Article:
OK, so with that said, let’s take a look at Pastor Matt’s exciting post.

He writes:

Hi, my name is Matt and I’m a book addict.  It is a sickness that leads people to such reckless behavior as reading on a couch for hours during sunny days, spending free time wondering the racks at Barnes & Noble and boring the heck out of people at parties when soft-hearted fools make the mistake of inviting a well-known “bibliophile.”  BUT my sickness may be your blessing because raging geeks like me can help you spend your money and time a little bit more wisely.

My favorite book of the year so far is Cold-Case Christianity: A Homicide Detective Investigates the Claims of the Gospels by Detective J. Warner Wallace (David C. Cook 2013).  Detective Wallace presents apologetics, the necessary but often dry discipline of defending the Christian faith, in a fresh and compelling manner.  He approaches the Gospels as a cold-case detective and illustrates his points with fascinating stories from his years working as an investigator.  It is a fun, well-written and helpful work that will embolden Christians to share their faith with others for decades to come.  You MUST pick-up a copy of this book.

So far so good. But this is where things get really weird. You see, Pastor Matt is really addicted to reading. He has read SIXTY-SEVEN books so far this year, and he has a bunch more in progress.

Now just check out a few of these books and ask yourself – what would the world be like if every pastor was like Pastor Matt?

Behold, the awesomeness of his book list:

1. Tactics: A Game Plan for Discussing Your Christian Convictions by Greg Koukl (Zondervan 2009).  A lot of budding apologists fill their head with knowledge but lack tact in conversing with non-believers–Koukl’s book can help. A must read.

2. Icons of Evolution by Jonathan Wells (Regnery 2002).  What unsupported claims do Darwinists hold to? Wells, a trained evolutionary biologists, points them out in this wonderful book.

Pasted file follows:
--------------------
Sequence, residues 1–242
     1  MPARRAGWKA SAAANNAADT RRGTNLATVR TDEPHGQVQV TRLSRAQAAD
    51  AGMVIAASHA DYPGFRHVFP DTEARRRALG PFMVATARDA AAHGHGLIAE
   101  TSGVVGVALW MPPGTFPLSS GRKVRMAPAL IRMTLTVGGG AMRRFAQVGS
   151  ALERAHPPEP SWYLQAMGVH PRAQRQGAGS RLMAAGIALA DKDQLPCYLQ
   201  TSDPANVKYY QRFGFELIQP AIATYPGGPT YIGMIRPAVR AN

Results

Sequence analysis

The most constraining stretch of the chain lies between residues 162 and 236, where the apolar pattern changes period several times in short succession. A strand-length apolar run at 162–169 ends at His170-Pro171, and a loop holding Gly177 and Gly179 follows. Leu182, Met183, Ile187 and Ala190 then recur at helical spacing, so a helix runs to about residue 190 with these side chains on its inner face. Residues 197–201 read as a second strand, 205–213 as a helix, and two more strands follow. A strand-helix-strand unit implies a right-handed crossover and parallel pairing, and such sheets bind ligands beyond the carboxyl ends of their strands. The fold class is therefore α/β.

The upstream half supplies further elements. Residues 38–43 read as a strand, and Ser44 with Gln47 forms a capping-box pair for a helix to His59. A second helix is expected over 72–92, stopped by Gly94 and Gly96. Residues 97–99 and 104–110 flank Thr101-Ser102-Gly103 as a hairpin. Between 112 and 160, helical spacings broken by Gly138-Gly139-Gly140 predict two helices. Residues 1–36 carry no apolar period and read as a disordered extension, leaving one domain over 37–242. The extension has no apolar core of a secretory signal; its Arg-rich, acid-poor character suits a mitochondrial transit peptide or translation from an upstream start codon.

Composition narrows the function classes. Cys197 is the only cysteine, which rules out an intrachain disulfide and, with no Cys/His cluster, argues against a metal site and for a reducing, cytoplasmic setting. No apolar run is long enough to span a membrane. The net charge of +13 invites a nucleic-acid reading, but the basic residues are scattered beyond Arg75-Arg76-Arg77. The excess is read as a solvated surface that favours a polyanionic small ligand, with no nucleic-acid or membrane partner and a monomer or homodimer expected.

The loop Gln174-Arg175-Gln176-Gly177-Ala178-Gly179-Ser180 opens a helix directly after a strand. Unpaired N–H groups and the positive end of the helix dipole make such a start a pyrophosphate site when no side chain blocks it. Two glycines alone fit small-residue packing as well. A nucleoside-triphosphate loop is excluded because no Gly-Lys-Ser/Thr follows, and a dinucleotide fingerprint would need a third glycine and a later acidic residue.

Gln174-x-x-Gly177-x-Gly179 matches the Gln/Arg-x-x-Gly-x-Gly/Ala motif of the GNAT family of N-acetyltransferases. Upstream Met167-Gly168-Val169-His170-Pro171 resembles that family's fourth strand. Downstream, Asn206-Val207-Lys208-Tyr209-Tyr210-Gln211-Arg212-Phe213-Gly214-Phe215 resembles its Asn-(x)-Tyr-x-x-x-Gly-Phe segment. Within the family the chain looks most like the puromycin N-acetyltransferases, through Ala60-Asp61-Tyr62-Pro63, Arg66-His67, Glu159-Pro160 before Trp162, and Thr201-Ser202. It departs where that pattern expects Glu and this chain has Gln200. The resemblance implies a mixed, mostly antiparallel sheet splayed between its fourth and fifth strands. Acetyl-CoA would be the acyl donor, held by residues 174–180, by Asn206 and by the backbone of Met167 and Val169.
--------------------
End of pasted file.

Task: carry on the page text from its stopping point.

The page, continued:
4. On Guard: Defending Your Faith with Reason and Precision by William Lane Craig (David C. Cook 2010).  A good apologetics resource although I think Craig struggles to explain in lay terms his response to scientific objections to the faith.

6. True for You, but Not For Me: Answering Objections to the Christian Faith by Paul Copan (Bethany 2009).  A good but short guide to various objections. Recommended.

7. How Do You Know You’re Not Wrong? Responding to Objections that Leave Christians Speechless by Paul Copan (Baker 2005).  A good guide with more meat to it than True For You, But Not For Me. Recommended.

9-11. The Case for Christ (Zondervan 1998), The Case for Faith (Zondervan 2006) and The Case for a Creator (Zondervan 2004).  The Strobel’s trilogy serves as a wonderful introduction to apologetics.  Strobel is a former journalist who interviews experts on matters of faith and reports them with crisp prose.  Highly recommended.

12. The Privileged Planet: How Our Place in the Cosmos is Designed for Discovery by Guillermo Gonzalez and Jay Richards (Regnery 2004). A wonderful book on the fine-tuning of the universe.  Highly recommended.

13. Seven Days that Divide the World by John Lennox (Zondervan 2011).  A great little book, which serves as a fine introduction to old earth creationism. Recommended.

15. The Reason for God by Tim Keller (Dutton 2009).  This is the 3rd time I have read through this work and it stands up as THE post-modern apologetic.  A must read.

16. Darwin on Trial: Deluxe Edition by Phillip Johnson (IVP 2010).  The best analysis and refutation of Darwinisn. A must read.

18. Good God: The Theistic Foundations of Morality by David Baggett and Jerry Walls (Oxford 2011).  A well argued but dense work for the moral argument for the existence of God. Highly recommended for those with a background in philosophy.

19. How We Got the Bible by Neil Lightfoot (Baker 2003). A readable history of how Bibles went from scrolls written by hand in Hebrew, Aramaic and Greek to the plethora of translations we have today. Recommended.

21. The New International Encyclopedia of Bible Difficulties by Gleason Archer, Jr. (Zondervan, 1982).  A helpful book dealing alleged discrepancies but a bit dated.

22. The Big Book of Difficulties by Norman Geisler and Thomas Howe (Baker, 1992).  Not as handy as Archer’s book but still well worth consulting.

23. The Return of Sherlock Holmes by Sir Arthur Conan Doyle (Newness, 1905).  My son and I finished the Adventures of Sherlock Holmes last year and had a blast working through the sequel.